HVAC and Ionizer advice needed

  
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EddieWalker

EddieWalker

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For a lot of animals in the house, I'd go with a MERV10 4" air cleaner, such as a Honeywell F100. A 20"x20" 4" MERV10 has more surface area than a 20"x20" 2 air filter. Thing is, you probably would need to do some duct modifications to install the cabinet (which holds th filter) in the duct.

For your current 2" MERV13 filter, my only concearn would be if you were using a 1" poly or fiberglass air filter in the past (say a MERV8 or MERV10 rating) and now going to a MERV 13, I'd just check the static pressure of your duct. MERV13 offers more resistance to airflow, and depending on what your static pressure was before going to the MERV13, you could possibly end up hurting your HVAC system over the long haul with a higher MERV rating (higher rate of blower motor burnout over time being the prime victim).

No idea on what a ionizer would do for dogs as I've never followed up with anyone where one was installed, but they do help immensely with other indoor air qality issues. I wouldn't waste my time with a stand alone unit for one room.

I will agree about the price your HVAC guy gave you on the surge protector, but if the sub $600 price was for an install on a iWaveR, REME HELO or Dust Free IAQ ionizer, that's a GREAT price. The reality is a decent duct ionizer costs at least 10 time more than a surge protector.

Thanks for this info. I went with MERV13 because of a chart that showed it catching more stuff then the lower numbers. I never thought about air flow. I'll try a MERV10 the next time I need filters, or do you think I should order then now?

I didn't understand if you think the ionizer works at reducing what is getting on my coils, or if the bigger filter will do the job instead? My thinking is to do a better job of cleaning the coil like you guys are suggesting, and seeing what the 2 inch filter does.
 
  
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EddieWalker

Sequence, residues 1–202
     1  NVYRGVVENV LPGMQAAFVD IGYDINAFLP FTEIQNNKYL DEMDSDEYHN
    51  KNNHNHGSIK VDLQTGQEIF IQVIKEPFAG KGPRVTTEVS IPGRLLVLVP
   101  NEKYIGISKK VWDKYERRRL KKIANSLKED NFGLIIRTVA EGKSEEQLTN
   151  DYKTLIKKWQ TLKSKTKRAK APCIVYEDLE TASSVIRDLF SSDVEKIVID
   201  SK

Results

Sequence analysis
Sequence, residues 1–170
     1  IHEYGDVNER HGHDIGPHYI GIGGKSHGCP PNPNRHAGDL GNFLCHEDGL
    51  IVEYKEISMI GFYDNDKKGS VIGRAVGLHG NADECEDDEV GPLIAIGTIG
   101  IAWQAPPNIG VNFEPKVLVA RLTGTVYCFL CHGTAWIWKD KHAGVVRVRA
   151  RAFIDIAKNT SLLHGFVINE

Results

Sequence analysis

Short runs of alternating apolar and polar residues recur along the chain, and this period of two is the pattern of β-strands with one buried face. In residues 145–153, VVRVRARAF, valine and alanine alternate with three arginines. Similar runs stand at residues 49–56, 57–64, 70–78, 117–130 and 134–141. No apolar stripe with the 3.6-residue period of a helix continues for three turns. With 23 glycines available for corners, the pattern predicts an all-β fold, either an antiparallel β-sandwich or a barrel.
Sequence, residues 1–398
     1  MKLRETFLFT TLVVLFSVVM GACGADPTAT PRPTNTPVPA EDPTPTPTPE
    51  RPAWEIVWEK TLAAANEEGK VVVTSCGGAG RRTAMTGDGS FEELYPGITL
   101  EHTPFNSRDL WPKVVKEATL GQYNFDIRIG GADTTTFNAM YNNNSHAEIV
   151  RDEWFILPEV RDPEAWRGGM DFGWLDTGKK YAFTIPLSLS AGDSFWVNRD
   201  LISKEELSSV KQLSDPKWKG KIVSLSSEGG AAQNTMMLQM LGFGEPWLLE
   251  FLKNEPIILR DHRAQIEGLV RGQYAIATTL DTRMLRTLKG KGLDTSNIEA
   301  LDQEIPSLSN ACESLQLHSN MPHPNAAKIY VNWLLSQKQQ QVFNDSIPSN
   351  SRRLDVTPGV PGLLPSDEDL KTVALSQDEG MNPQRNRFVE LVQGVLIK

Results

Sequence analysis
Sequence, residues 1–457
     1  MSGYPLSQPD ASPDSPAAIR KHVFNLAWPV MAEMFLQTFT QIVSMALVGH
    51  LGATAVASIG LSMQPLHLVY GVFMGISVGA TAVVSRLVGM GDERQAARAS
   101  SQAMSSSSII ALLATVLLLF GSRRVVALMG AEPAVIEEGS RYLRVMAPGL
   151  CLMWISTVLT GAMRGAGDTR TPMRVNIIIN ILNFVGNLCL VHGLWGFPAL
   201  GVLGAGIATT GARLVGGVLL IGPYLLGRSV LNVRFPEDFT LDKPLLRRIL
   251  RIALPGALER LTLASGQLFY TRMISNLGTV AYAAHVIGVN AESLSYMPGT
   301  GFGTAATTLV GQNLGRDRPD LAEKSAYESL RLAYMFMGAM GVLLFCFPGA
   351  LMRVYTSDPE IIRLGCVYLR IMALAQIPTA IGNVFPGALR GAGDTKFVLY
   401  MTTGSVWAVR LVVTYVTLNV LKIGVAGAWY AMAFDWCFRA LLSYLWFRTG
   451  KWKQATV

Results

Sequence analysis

EddieWalker

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First, don't use a wire brush. They make brushes specifically for coils that won't damage them, like this:

TOUGH GUY Condenser Brush, Polyester, Brush Length '('In.')' 2 1'/'8 in, Handle Type Plastic, Handle Color White - 3HHE8'|'3HHE8 - Grainger

Second, have you tried using spray-on coil cleaner? They make several types. One requires rinsing. One is no-rinse. I use the no-rinse in my house. We have indoor cats, so lots of cat hair. It dissolves most dirt, dust and grease after you brush off the pet hair and vacuum it out.

It comes in aerosol cans, or, you can buy it on bulk gallons and mix it up in a pump sprayer.

We had an electrostatic air filter on our furnace (still do, but disconnected). It worked just O.K. It just had what looked like window screens in front of it to trap large particles like dust bunnies and pet fur. The device itself has wires and plates. Anything coming through it would get zapped and stick to the plates. Once a month you have to pull the two plates sections out and you can either rinse and brush them clean, or put them in the dishwasher.

The ZAPPING would get annoying, and would signal it was time to clean it. Kinda like having a bug zapper in your ducts.

Anyhow, if you haven't tried a brush, vacuum and coils spray first, I'd go that route.

You could also go with double filters. Put some lower-rated filters in front of your high-rated filters. The lowers will be sacrificial and the higher will last a very long time.

I have a nylon parts cleaner brush that I tried using at first, but it didn't accomplish anything. I went to the wire brush because that's what the HVAC guy suggested. I just dragged it along the direction of the fins and pulled out as much hair as it could, then cleaned it out and did it again. This took awhile, but I went from not being able to see through the fins, and then being able to see the coils clearly. They are dirty, and the fins are dirty, but air can flow through them now.

I tried a type of radiator cleaner stuff on my tractor that didn't seem to do anything, so I didn't try anything on my AC coils. Is there a brand that I should look for?
 

MossRoad

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I have a nylon parts cleaner brush that I tried using at first, but it didn't accomplish anything. I went to the wire brush because that's what the HVAC guy suggested. I just dragged it along the direction of the fins and pulled out as much hair as it could, then cleaned it out and did it again. This took awhile, but I went from not being able to see through the fins, and then being able to see the coils clearly. They are dirty, and the fins are dirty, but air can flow through them now.

I tried a type of radiator cleaner stuff on my tractor that didn't seem to do anything, so I didn't try anything on my AC coils. Is there a brand that I should look for?

I've just used the spray cans from Lowes, Menard's, etc... at home. It seems from year to year the brands change. I don't have a favorite.

At my job, we use some commercial grade stuff that we have to mix in pump sprayers.
I happen to be sitting next to some of it right now...

43F9B002-565A-4010-BBBB-607BA191BB98.jpeg

The pink one we only use on outdoor condensers and it has to get rinsed off. The green one is self-rinsing and is safe for meat and poultry plants, so we're told to use that one on the indoor units.
 

MossRoad